Plumbing the shallows of our mind
Downstairs from my office there is a big area where students hangout – you can frequently find students playing table tennis or cards. Today the students were talking about an online game. It reminded me of what I wrote about yesterday, when I linked to a couple of videos put together by an ethnographer in USA about the students today.
One of the most important issues I think the videos bring up is that the possibilities of distraction are so endless in our world these days. I’ve noticed it in my own mind – emails distract me, sms distract me, Facebook distracts me. I used to read books – mostly novels, sure – but books. With 200 pages. 400 pages. 600 pages. Now I read twitter. It’s 140 characters. When I get a bit of time, I go back and read the articles I’ve favorited, rarely more than 500 words at a time.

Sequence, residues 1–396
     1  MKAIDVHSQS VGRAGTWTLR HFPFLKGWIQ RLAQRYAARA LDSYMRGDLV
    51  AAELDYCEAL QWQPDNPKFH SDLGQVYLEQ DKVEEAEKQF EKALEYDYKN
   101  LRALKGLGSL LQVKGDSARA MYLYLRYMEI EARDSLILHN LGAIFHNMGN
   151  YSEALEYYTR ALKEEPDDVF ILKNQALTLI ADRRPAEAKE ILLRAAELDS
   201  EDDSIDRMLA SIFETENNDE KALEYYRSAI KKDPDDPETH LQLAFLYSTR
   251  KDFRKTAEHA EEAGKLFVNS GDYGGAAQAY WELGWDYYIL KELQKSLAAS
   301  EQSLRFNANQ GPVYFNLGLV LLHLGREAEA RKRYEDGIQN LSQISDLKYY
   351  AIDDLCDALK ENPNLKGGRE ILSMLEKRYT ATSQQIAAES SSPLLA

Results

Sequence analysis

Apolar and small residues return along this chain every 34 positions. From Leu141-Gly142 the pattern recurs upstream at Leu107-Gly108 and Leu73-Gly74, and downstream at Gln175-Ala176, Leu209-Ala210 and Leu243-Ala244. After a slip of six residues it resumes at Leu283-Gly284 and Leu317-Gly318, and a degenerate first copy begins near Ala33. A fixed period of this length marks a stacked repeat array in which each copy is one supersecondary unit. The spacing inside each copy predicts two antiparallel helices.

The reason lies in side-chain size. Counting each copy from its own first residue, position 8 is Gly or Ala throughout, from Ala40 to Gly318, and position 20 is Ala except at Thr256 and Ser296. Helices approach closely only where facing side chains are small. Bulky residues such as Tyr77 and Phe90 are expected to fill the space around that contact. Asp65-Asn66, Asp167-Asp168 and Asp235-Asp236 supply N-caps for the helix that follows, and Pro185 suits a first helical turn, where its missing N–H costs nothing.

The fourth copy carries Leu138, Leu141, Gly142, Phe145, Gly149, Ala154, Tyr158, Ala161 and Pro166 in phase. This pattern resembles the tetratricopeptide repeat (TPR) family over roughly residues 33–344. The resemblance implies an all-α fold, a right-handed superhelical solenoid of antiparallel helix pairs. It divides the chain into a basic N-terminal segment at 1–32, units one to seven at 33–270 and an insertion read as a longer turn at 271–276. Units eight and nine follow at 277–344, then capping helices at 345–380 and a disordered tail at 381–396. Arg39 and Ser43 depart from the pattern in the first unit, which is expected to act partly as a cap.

This is the thesis of a book that, totally ironically, I keep picking up and reading and putting down again: The Shallows, by Nicholas Carr. It’s (so far!) a fascinating read into how our brains are changing.
So I guess the point of this post is this: PASS and peer learning means that students are:
– connecting IRL (that’s in real life)
– helping IRL
– learning IRL
– growing IRL
We need this type of learning more than ever in this modern world where
oh wait I just got distracted by an email 🙂